Ethics Guru Talks Turkey

Ethics consultant Steve Priest sits down for an exclusive one-on-one with, and discusses how CFOs can lead the ethics charge.
Lisa YoonAugust 29, 2002

Lately, Steve Priest’s phone has been ringing off the hook.

As the founder of Wilmette, Ill.-based Ethical Leadership Group, and purveyor of his own brand of corporate Spin n’ Span, Priest has become one of the most sought-after consultants in the nation. For now, most of his day is spent helping management craft and draft corporate ethics codes. But he took time from his development sessions recently to speak with’s Lisa Yoon about ethically tricky situations, and to pass along some advice for CFOs about how to improve ethical leadership.

Q: What’s the underlying practical approach to your programs? Can you really teach people to be ethical?

A: The most fundamental form of resistance we encounter is from people who question us, demanding, “Who are you to teach me what ethics is? I know what ethics is.” We explain that we’re not trying to teach them what ethics is. Our underlying assumption is that people know that, and have a set of broadly defined values that they all align with. Instead, we spend most of our time applying their ethics to the very complicated business world that we live in. It gets tricky sometimes in the real-life, give-and-take of the business world. But that’s what we want to talk about. .

Q: Can you give me an example of a tricky situation?

A:We’ve been working with one client for 6 or 7 years now. When we first started, the company had a heavy “make plan” culture. Making plan was priorities one, two, and three—there were no others. We did some case studies and found that there was a lot of discomfort among employees about managing to make plan while remaining ethical. There was a tremendous amount of grey area especially at the end of quarter, for things like creating new programs for customers to push merchandise out the door; telling suppliers to delay invoices; or playing around with reserves to make the numbers. A lot of the measures were probably legal, but very aggressive and a detriment to the long-term success of the business. After working with them for five years, it’s a different company. They don’t take aggressive measures just to make the numbers, but they provide more than legal reasons for what aggressive action they might pursue. Management says it would be bad for long-term prospects to revert back to old ways.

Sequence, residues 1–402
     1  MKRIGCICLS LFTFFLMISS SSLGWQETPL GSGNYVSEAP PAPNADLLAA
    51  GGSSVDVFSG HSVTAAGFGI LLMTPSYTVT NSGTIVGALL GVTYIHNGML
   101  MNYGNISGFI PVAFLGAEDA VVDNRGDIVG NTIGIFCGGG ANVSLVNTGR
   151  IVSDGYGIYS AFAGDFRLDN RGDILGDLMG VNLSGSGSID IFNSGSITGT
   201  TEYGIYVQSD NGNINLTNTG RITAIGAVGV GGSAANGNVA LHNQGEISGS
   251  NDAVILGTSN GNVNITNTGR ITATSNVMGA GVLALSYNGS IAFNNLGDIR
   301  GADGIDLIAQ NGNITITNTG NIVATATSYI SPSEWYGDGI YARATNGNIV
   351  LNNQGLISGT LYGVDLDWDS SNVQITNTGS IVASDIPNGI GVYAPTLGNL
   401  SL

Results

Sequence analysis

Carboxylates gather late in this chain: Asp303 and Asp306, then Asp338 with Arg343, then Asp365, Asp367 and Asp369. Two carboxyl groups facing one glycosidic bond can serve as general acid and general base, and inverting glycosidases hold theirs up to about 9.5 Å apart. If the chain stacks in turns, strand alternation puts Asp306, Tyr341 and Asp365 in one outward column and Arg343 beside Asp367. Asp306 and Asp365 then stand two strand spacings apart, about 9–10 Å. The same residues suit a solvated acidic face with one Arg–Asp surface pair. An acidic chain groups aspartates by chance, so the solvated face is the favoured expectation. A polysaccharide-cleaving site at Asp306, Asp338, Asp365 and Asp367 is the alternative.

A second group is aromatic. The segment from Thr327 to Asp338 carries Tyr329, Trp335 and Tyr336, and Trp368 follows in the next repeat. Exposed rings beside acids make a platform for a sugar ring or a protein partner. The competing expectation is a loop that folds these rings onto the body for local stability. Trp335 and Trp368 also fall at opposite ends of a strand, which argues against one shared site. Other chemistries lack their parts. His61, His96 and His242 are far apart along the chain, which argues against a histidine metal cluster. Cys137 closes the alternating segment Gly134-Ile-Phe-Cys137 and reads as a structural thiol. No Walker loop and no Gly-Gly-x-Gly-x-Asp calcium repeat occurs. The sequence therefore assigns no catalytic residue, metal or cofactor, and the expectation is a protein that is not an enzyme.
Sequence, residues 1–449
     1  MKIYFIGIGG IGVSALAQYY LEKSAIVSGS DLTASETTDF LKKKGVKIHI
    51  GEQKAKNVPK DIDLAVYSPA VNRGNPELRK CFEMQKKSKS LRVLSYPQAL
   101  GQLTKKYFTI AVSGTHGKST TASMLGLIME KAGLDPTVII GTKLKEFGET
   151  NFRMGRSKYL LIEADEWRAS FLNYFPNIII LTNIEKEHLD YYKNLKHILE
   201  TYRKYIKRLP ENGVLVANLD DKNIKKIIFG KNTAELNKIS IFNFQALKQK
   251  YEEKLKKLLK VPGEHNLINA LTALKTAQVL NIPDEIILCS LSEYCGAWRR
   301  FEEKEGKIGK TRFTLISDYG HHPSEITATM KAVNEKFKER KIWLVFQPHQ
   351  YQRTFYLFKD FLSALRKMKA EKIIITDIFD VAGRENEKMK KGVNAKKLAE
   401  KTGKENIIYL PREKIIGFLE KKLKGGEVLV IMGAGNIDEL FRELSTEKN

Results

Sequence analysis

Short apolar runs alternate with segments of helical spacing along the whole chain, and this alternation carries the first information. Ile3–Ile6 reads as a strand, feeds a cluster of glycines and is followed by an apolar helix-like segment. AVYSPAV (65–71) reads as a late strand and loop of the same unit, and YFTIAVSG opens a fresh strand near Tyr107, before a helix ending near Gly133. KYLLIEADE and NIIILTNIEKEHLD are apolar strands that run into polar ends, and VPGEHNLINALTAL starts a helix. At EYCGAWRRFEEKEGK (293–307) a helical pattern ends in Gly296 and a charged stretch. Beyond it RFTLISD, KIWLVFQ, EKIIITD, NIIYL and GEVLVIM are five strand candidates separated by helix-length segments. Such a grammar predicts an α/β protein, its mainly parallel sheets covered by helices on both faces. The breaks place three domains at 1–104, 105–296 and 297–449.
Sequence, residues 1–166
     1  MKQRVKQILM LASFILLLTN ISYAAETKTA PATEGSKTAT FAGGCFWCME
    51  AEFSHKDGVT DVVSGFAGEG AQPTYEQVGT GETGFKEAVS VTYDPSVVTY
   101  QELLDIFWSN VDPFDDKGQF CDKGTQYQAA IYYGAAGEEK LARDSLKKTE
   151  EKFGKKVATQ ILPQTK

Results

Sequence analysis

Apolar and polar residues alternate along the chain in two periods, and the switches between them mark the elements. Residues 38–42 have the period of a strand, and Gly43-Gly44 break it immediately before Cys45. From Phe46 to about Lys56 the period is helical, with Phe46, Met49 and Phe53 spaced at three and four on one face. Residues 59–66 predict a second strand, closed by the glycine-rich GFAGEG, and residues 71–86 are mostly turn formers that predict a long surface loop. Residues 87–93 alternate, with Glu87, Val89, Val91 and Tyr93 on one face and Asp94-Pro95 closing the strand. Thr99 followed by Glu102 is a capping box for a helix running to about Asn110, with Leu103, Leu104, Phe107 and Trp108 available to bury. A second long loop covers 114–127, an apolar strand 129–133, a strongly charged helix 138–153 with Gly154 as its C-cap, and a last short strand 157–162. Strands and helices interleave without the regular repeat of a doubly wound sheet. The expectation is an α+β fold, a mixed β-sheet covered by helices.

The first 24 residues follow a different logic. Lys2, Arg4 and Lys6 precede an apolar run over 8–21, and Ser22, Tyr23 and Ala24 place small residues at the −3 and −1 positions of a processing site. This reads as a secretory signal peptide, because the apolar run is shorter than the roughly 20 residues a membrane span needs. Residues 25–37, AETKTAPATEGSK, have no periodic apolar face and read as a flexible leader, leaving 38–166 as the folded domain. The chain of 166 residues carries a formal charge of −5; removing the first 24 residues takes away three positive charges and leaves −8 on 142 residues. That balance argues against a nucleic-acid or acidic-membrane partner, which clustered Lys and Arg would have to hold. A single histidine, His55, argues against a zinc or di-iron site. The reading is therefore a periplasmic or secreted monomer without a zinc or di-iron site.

Q:CFO Magazine recently reported that the problem with ethics training is that no one thinks they need it. Do you think that’s especially true of senior managers?

A: In one sense that it’s true that most people don’t need ethics training. I’d say 99 percent of the don’t need it, and the one percent that do, well, ethics training is not going help them. However, look at it this way. Americans spend roughly 2000 hours at work a year. For 1,999 of those hours, the message is “make plan. Make the numbers.” Spending a few of those hours reinforcing the idea of making the number within legal and ethical parameters is a necessary message these days.

Q: What can CFOs do provide good ethical leadership?

A: We’ve found that employees very often view CFOs as the guardians of the company’s integrity. Even if there’s an ethics officer, CFOs have traditionally held that role because of the power and influence they wield, and because of the system of control that emanates from them. So the advice I would give CFOs is to seize every opportunity to send that dual message: The numbers are important, but how we make the numbers is equally important. CFOs give a lot of presentations to employees in their organization. CFOs should spend a minute of every presentation referring to the company’s ethics code. That constant reminder makes a difference. The other advice I would give is don’t shoot the messenger. Be readily available to hear honest, bad news. Look at the news this week, the controller at WorldCom tried to shoot down the honest concerns of a lower-level finance employee. Well, that message spreads really fast [around the organization].

Q: There’s a renewed vigor in exercising ethical due diligence in the wake of the corporate scandals exposed this year. How long do you think it will last?

A: Some economic historians say that the collective American memory is far shorter, and much more forgiving, than the collective memories of other countries and regions. Reportedly, Americans do things in 15-to-20-year cycles. I would say the during the next three to four years, we’re going to see a massive effort to practice due diligence. After that, I don’t know. There will be some companies who will continue to be careful even after it’s not a hot-button issue. And there will be others who will go back to “business as usual”—and I mean that in quotes.

On the Move

>> A Growing Concern. Lawn and garden specialists The Scotts Co. appointed SVP of finance Chris Nagel to CFO post effective January 1, when EVP and CFO Patrick Norton retires. Norton will serve on board of directors and as a consultant for Scotts LawnService … Canadian brewer Molson Inc. named Brian Burden EVP and CFO. Burden spent 15 years at British consumer products company Diageo Plc, most recently as SVP of Seagram Corporate Venture Transition. Replaces Robert Coallier, who became president and CEO of Cervejarias Kaiser, Molson’s recently acquired brewing business in Brazil … PNC Financial Services Group Inc. announced that William S. Demchak has been named vice chairman and CFO. Robert L. Haunschild resigning to pursue other interests. Demchack most recently served as the Global Head of Structured Finance and Credit Portfolio for JP Morgan Chase … Philip G. Zuccaro named VP, CFO of The ABC Cos. Inc., Buffalo, N.Y.-based commercial-receivable management firm. He was formerly VP, finance and VP, operations support at Sorrento Cheese Co.